The Scotsman Sessions #172: Aidan O'Rourke

Welcome to the award-winning Scotsman Sessions. With performing arts activity curtailed for the foreseeable future, we are commissioning a series of short video performances from artists all around the country and releasing them on scotsman.com, with introductions from our critics. Here, Aidan O’Rourke – fiddler, composer and one-third of Lau – plays two waltz compositions, the latter inspired by a short story by James Robertson

“A brilliantly mammoth task” is how Aidan O’Rourke, much-in-demand fiddle player and composer, describes his ambitious musical counterpart to author James Robertson’s arduous project to write a short story – each 365 words long – for every day of the year.

Despite Robertson’s admonition to “go easy on yourself,” O’Rourke, well-known as a third of the “power folk” trio Lau, went ahead, on a daily basis, and recorded tunes for 365 stories, largely with pianist and harmonium player Kit Downes, for an album sequence on Reveal Records, with a Best of 365 issued in December.

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Live performance may have evaporated during the past year, but O’Rourke has remained industrious. In August he hosted one of the Edinburgh International Festival’s “My Light Shines On” sessions from Leith Theatre and remotely recorded an EP, Folk Songs, with Lau colleagues Martin Green and Kris Drever. He also recorded his take on a movement from the Four Seasons for the Orchestra of the Swan’s Vivaldi project, composed the score for Iorram, a vivid compilation of archive footage for BBC Alba, and curated music for the recent online Burns and Beyond festival streamed from a virtually recreated Lucky Middlemass’s Cowgate howff.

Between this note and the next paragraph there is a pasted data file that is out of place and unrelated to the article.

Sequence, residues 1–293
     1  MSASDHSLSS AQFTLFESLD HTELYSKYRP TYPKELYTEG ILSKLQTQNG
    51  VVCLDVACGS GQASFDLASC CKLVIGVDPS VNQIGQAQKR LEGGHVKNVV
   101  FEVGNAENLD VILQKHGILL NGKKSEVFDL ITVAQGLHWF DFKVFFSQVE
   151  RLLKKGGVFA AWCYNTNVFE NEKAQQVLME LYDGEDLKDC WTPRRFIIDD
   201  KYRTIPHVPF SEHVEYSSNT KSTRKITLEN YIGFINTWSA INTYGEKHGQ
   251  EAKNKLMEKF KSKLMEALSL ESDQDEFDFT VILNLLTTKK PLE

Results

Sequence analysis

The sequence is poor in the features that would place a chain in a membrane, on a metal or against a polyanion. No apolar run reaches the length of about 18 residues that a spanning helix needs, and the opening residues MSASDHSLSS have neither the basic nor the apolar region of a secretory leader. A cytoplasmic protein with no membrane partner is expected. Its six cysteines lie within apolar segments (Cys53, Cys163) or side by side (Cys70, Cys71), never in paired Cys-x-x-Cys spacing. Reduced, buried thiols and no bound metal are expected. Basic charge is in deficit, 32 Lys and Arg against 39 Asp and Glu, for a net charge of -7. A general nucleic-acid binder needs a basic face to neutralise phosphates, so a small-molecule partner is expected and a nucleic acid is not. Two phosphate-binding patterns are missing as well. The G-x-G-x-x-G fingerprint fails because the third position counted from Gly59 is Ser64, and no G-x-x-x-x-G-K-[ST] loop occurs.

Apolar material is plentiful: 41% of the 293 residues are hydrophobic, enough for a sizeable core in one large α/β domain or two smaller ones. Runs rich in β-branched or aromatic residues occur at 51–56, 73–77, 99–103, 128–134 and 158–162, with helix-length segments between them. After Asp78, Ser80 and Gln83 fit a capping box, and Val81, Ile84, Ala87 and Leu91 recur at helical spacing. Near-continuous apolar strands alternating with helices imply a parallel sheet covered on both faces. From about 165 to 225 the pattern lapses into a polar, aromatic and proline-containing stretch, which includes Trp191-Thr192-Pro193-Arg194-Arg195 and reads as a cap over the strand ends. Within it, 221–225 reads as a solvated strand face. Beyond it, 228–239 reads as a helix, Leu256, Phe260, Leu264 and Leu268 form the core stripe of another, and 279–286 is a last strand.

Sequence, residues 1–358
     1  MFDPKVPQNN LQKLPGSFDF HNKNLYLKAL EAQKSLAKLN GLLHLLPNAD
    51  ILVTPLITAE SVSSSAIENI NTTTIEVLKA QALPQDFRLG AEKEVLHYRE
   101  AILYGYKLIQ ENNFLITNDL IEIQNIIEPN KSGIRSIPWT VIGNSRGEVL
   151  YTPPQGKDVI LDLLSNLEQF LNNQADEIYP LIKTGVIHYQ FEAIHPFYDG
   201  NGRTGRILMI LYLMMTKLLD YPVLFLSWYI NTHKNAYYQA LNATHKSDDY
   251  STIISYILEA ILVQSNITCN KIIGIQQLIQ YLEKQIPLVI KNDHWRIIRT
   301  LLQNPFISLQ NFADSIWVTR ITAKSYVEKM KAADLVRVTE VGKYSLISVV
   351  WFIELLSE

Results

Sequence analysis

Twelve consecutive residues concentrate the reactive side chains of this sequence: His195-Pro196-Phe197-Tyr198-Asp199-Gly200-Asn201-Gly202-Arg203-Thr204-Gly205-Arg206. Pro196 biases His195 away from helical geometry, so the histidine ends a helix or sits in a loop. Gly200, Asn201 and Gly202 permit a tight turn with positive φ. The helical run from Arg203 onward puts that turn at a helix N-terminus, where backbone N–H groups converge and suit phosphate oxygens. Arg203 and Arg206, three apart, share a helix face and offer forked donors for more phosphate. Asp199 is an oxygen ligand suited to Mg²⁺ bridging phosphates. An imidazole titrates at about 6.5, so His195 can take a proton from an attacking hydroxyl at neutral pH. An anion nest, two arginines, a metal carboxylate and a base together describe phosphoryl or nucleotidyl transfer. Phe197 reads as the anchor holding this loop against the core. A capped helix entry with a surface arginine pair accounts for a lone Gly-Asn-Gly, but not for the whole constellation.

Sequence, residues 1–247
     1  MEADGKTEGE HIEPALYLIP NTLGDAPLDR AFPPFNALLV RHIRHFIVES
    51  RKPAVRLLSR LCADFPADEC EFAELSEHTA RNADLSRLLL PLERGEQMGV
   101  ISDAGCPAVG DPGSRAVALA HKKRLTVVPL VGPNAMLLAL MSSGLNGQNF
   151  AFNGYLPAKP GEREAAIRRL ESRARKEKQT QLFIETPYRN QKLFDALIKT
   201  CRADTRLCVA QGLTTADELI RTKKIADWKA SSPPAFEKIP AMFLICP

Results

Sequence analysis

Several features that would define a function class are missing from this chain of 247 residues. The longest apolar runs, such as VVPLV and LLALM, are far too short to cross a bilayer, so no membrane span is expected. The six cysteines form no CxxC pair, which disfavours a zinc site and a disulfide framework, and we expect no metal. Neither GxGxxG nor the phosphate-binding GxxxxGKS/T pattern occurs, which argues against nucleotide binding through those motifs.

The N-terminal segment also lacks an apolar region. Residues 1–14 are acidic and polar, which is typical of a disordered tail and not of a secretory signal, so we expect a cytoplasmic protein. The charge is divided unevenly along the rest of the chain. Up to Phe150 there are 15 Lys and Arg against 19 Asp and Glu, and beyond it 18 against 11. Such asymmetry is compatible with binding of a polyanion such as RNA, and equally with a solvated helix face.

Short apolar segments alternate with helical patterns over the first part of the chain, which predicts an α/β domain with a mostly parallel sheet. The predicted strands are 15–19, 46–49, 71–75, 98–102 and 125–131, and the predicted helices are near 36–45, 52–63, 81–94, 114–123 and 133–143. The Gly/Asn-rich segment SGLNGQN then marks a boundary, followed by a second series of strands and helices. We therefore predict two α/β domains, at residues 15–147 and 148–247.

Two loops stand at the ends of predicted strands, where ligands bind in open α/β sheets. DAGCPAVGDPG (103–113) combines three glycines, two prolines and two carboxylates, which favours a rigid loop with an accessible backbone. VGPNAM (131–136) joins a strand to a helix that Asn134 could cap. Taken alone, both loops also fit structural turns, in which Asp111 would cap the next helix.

Aidan O'Rourke

For his Scotsman Session, he plays two waltz compositions, Waltz for Innes and I Met Him Only Once, the latter inspired by Robertson’s 365 tale about an ambivalent encounter with a poet. “It was always my immediate response that drew me to James’s short stories,” says O’Rourke. “There’s a kind of distilled emotion in each one that was really clear to me.”

At the beginning of 2020, he and Robertson launched a website, adding a new story and corresponding tune for every day until they finished on 31 December. “You can access every one with James or others reading them,” he explains. “It’s a free piece of public art forever.”

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